When you recall Nagi Reddy, what do you remember him for? For the 50-plus films he produced and the stars that emerged from them? For Vijaya Studios, which he created, then Asia’s biggest film studio? For Vijaya Productions, in which he teamed with his alter ego, script writer Chakrapani, to score success after success? For giving up films later and focussing on medicare? For founding Vijaya Hospital (1972), Vijaya Health Centre (1987) and Vijaya Heart Foundation (1996), one of the biggest hospital complexes in the city that began with what was the city’s first multi-specialty hospital with corporate overtones? For starting the newspaper Andhra Jyothi in 1945 and that ever-popular multi-lingual children’s magazine Chandamama in 1947? Or for his connection with the Tirumala Tirupati Devasthanam and inspiring it to build the Vaikuntam Queue Complex that helped bring shelter to pilgrims and a great degree of order to worship?
Strange that apart from the Dada Saheb Phalke Award in 1986 for a lifetime contribution to the film industry, other National awards did not come his way.
It was in 1950 that Vijaya Productions got underway producing Sahukaru, the first of several films with social content and aimed at conveying a message. Two years later, humour was introduced to liven up the message and grab a larger audience. N.T. Rama Rao and S.V. Ranga Rao were put on the road to fame in these early Telugu films the ‘Vijaya Twins made. And Sahukaru shot a young female star into the limelight, eventually to become known as ‘Sowcar’ Janaki. The ‘Twins’ made films in all the southern languages and Hindi - and won acclaim in all of them. But by the 1970s, Nagi Reddy pulled out of the film business, as much because film-making had moved out of the studios as for the fact that that inseparable friend of his, Chakrapani, had passed on. Nagi Reddy now began focussing on Vijaya Hospital, Chandamama and the numerous trusts, charities and contributions to society he was involved with. But when he passed on in 2004, it was as a ‘movie mogul’ that his biographers focussed on and not so much on his numerous other interests.
When the postman knocked…
Reader D.B. James, referring to P.Orr’s (Miscellany, December 10) recalls that when Mihir Sen swam the Palk Strait, from Talaimanner to Dhanushkodi, in 1966, “we at the Marine Biological Association of India presented him the Sethu Cup.” It was made by P.Orr & Sons. So were almost all the other trophies competed for in South India till the l970s. Curiously, Orr’s were also leading gunsmiths and armourers for a long, long time. As they were also sellers of surveying and scientific instruments.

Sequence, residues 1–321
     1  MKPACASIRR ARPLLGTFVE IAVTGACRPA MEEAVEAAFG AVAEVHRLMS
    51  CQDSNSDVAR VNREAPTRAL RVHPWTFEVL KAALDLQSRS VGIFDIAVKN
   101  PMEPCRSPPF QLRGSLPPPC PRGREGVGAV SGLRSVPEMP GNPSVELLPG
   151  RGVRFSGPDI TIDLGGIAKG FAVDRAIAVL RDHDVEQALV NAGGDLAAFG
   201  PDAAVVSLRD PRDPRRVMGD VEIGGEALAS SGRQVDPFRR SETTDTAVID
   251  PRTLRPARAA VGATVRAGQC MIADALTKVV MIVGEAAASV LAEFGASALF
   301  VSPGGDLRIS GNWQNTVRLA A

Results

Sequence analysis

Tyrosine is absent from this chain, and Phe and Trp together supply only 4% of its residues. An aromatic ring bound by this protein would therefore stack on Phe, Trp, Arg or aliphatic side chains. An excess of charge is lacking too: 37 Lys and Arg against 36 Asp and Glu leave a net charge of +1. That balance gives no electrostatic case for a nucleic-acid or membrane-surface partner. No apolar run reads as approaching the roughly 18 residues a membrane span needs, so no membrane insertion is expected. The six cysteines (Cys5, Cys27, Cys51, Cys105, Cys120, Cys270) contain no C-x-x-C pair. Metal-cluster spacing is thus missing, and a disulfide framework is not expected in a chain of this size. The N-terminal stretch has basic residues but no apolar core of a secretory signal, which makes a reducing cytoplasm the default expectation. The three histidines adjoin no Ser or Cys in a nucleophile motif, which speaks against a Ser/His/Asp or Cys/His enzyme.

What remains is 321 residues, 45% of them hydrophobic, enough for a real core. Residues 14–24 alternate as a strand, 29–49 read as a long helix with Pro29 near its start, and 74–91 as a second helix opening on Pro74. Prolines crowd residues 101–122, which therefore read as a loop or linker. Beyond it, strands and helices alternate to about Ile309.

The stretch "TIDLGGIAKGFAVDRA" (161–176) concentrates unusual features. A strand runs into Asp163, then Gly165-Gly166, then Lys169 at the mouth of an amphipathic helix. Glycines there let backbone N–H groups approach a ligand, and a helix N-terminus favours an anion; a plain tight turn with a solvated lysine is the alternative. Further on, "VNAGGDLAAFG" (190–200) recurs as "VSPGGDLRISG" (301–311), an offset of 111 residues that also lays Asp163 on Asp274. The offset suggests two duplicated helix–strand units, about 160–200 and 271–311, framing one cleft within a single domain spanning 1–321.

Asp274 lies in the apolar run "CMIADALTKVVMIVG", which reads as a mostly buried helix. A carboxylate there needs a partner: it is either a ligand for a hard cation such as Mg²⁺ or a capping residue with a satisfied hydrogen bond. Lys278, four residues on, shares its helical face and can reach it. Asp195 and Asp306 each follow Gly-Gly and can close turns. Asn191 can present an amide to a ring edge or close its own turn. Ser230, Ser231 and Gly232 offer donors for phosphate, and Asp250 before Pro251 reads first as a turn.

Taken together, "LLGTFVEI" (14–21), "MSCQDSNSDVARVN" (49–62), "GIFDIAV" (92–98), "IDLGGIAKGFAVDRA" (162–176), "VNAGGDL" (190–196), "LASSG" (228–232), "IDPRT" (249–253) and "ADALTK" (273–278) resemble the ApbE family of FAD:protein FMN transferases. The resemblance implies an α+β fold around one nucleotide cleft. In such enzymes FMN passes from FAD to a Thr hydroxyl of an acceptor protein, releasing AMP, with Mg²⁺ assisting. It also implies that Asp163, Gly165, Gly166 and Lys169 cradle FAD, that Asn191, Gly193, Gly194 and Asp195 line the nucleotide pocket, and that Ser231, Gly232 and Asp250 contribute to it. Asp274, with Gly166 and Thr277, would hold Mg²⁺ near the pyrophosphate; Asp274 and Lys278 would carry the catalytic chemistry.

A reader wants to know what I can tell him about Butt Road. The only Butt Road that still exists, as far as I know, is the road from Nehru Circle (Kathipara Junction) leading to the foot of St. Thomas' Mount. I, however, vaguely remember a Butt Road that used to exist somewhere near Police Headquarters, but I’ve not been able to find any traces of it today. ‘Butt’ in this context derives from shooting ranges that used to exist here for rifle practice by soldiers and policemen. The long earthen mound at one end of a shooting range against which the targets are placed is called a ‘butt', explaining the name.
Why was the Electric Theatre that Warwick Major and Reginald Eyre built in 1913 and which is now the Philatelic Bureau on Mount Road called by that name, another reader asks. I haven’t the faintest idea, unless it was due to the fact that it ran on electricity. I’m however told by one of my helping hands that there was an Electric Theatre in the U.S. and another in the U.K. But both of them were part of “electricity works”. Maybe Randor Guy or Theodore Baskaran will come up with answers to this one. My correspondent adds that Venkiah’s Gaiety (Miscellany, November 12) was predated by the Lyric, a hall built for variety entertainment that in 1913 began to be used for cinema screenings at the Wallajah-Mount Road curve, the Bioscope (1911) in George Town, and the Electric in 1913. But only the Gaiety survived into modern times.